1. Indian-origin Ashok-Alexander Sridharan sworn in as mayor of Bonn in Germany
Indian-origin Ashok-Alexander Sridharan sworn in as the mayor of Bonn in Germany. Bonn is the 18th most populated city in Germany and the provisional capital of erstwhile West Germany.
Sridharan was elected to the office as a candidate of the German Chancellor Angela Merkel-led Christian Democratic Union of Germany (CDU) party in an election held in September 2015.
With this win, Sridharan became the first Person of Indian Origin (PIO) to be elected as the mayor of a major city in the country.
Further, he also became the city’s first mayor from an immigrant background.
It was for the first time in 21 years that a candidate from the CDU won the Bonn mayoral election leaving the Social Democratic Party (SPD) out in the cold.
2. US President designated Brett McGurk as Envoy to US-led coalition fighting ISIS
US President Barack Obama on 23 October 2015 designated veteran Iraq expert Brett McGurk as Special Presidential Envoy to the US-led coalition fighting the Islamic State for Iraq and Syria (ISIS). President Obama described McGurk as one of his most trusted advisers on Iraq.
He succeeded General John Allen who will retire from the post on 12 November 2015. Allen played a key role in trying to hold together the disparate 65-member coalition and steps down after a year marked by setbacks, policy reversals and increasing regional chaos.
3. Nasser Khan Janjua appointed as National Security Advisor of Pakistan
Retired Lieutenant General Nasser Khan Janjua has been appointed as the new National Security Advisor (NSA) of Pakistan. He will take the charge from Sartaj Aziz who was earlier holding dual offices of NSA and Adviser on Foreign Affairs with status of a federal minister. Now Mr. Aziz will only concentrate on foreign affairs. Janjua’s immediate task will be to concentrate on security ties with Afghanistan in the west and India in the east.
4. Indian mountaineers climbed an untouched mountain peak, named it after APJ Abdul Kalam
Two mountaineers Arjun Vajpai and Bhupesh Kumar in third week of October 2015 created history by becoming first people to climb 6180 meter high unnamed peak in Himachal’s Spiti Valley. The duo named the peak as Mout Kalam, in honour of former President of India, Dr. Abdul Kalam.
Newly named Mt. Kalam is located near Bara Shigri Glacier, largest glacier located in Himachal Pradesh. Bara-Sigri glacier is the second longest glacier in Himalaya after Gangotri both are around 30 km long.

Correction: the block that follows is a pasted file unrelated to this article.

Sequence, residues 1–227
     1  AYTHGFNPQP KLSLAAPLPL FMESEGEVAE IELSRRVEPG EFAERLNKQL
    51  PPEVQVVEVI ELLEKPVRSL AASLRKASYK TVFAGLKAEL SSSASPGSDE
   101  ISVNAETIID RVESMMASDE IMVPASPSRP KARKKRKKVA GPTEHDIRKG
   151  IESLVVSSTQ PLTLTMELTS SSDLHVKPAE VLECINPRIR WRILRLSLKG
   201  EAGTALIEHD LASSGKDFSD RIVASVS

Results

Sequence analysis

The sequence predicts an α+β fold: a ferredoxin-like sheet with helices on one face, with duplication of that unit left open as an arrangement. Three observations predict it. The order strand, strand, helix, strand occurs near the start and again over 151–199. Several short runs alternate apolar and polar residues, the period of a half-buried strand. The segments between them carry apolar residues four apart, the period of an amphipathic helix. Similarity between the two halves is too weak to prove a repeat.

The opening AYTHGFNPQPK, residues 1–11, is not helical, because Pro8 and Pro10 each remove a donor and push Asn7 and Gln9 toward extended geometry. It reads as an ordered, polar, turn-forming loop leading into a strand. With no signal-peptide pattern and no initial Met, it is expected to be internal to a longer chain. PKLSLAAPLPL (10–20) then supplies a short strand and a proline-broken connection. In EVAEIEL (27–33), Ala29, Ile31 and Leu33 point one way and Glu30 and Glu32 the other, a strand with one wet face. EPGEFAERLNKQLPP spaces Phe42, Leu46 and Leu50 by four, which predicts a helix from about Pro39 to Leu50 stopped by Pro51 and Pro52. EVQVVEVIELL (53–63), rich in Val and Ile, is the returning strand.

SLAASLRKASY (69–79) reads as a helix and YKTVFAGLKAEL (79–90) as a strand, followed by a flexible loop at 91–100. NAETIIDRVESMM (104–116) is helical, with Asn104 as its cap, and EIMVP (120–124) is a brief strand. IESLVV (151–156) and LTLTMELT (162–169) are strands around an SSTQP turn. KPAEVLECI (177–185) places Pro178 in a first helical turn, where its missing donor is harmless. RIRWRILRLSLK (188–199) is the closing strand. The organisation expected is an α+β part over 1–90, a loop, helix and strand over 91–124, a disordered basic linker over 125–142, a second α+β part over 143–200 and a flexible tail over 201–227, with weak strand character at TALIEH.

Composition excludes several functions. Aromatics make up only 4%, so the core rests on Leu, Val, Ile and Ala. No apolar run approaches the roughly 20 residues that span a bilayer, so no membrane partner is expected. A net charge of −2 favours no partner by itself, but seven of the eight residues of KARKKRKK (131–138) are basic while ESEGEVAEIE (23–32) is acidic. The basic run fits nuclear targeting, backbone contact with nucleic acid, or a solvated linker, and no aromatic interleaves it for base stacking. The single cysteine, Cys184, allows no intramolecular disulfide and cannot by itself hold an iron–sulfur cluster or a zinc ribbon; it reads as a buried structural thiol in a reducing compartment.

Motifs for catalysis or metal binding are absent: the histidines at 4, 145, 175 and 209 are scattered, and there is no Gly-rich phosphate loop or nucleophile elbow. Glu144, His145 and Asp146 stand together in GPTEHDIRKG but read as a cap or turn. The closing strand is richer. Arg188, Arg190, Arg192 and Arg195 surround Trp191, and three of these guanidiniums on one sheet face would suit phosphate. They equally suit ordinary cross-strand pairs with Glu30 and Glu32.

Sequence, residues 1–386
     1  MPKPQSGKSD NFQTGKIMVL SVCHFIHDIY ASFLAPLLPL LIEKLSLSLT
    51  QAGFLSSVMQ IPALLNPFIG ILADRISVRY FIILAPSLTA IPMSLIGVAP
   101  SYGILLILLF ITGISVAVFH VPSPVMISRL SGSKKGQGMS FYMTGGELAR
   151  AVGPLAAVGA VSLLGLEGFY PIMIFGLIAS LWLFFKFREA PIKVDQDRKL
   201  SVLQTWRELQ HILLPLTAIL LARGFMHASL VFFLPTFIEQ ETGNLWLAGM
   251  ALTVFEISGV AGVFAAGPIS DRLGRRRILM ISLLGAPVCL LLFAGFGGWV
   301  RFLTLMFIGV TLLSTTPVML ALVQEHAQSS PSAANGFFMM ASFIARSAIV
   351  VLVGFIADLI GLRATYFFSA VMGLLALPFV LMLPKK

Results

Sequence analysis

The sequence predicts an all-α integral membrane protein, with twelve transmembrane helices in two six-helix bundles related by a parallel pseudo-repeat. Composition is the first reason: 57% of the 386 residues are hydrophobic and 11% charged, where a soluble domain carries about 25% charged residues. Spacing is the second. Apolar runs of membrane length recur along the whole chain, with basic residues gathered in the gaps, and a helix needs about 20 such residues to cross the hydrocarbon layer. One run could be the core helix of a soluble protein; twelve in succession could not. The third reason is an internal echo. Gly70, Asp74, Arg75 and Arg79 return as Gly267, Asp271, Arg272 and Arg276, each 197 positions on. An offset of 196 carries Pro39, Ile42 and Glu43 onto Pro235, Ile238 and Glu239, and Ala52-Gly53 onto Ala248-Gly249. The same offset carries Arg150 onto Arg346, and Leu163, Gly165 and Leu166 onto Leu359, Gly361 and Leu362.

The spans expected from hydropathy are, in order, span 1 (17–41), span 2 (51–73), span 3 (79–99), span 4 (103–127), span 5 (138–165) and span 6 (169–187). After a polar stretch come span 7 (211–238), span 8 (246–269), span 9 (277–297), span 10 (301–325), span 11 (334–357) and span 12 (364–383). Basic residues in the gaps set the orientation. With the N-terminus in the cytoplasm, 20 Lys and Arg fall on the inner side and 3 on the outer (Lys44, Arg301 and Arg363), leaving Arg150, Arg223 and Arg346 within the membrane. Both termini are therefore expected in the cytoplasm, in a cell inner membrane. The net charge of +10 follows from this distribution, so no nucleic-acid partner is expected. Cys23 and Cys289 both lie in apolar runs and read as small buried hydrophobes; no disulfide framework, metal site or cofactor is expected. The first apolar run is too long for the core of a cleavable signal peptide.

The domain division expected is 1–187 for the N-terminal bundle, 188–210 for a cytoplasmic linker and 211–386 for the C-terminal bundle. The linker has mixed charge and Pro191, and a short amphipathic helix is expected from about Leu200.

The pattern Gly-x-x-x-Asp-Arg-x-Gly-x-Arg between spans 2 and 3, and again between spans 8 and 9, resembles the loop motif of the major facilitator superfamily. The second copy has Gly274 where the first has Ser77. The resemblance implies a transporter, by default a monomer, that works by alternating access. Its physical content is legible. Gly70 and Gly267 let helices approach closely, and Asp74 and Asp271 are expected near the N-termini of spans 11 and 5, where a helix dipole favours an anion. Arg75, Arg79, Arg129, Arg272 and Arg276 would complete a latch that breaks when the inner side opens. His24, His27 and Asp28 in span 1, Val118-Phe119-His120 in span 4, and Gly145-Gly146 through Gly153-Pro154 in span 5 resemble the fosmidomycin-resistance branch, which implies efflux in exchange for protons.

Vajpai and Kumar hailing from Noida and Bulandshahr respectively started the expedition on 8 October 2015 from Noida and completed the climb on 14 October 2015 and hoisted the Indian national flag. They returned back on ground on 20 October 2015.
5. Justin Trudeau Elected as Prime Minister of Canada
Canada’s Conservative leader was ousted in a national vote Monday after almost a decade in power, as voter discontent and a souring economy helped the son of long-serving Prime Minister Pierre Trudeau sweep into the top office.
Justin Trudeau’s centrist Liberal Party secured a majority government, with his party elected in 184 of the 338 districts across the country, after a hard-fought contest with incumbent Stephen Harper.
6. First World Indigenous Games begins in Palmas, Brazil
The lavish opening ceremony of the multi-sport event was attended by Brazilian President Dilma Rousseff. The first of its kind international multi-sport event will involve around 2000 indigenous athletes belonging to different indigenous ethnic groups from 30 countries. Participants from countries like Ethiopia, Brazil, Mongolia, Australia, Philippines, Russia, Ethiopia and New Zealand are participating. The first World Indigenous Games will host sporting events like archery, canoeing, spear tossing and a race through the forest. Besides, non-competitive events will be also hosted to showcase different traditions of indigenous ethnic groups.
7. Hurricane Patricia batters Mexico as one of strongest storms ever
Hurricane Patricia, one of the most powerful storms on record, struck Mexico's Pacific coast on Friday with destructive winds that tore down trees, moved cars and forced thousands of people to flee homes and beachfront resorts. Hours after making landfall, the storm weakened but still packed winds of 130 miles per hour (210 km per hour). There were no reported casualties and officials said the damage might not be as catastrophic as feared.
Patricia slammed into a stretch of sparsely populated coastline near the popular beach getaway of Puerto Vallarta, where 15,000 tourists were evacuated to avoid torrential rain and potentially lethal winds. There was flooding in parts of the city, though it escaped the worst of the immensely powerful storm. Visitors and residents weathered the hurricane's onslaught in emergency shelters hoping it would not do as much damage as the last storm of this magnitude, Typhoon Haiyan, which killed thousands of people in the Philippines in 2013.
While still out to sea as a Category 5 hurricane, Patricia blew furious winds of 200 mph (322 kph). "The winds are really strong. It's amazing, even the cars are moving," said Laura Barajas, a 30-year-old hotel worker from the port of Manzanillo, close to where the storm reached land.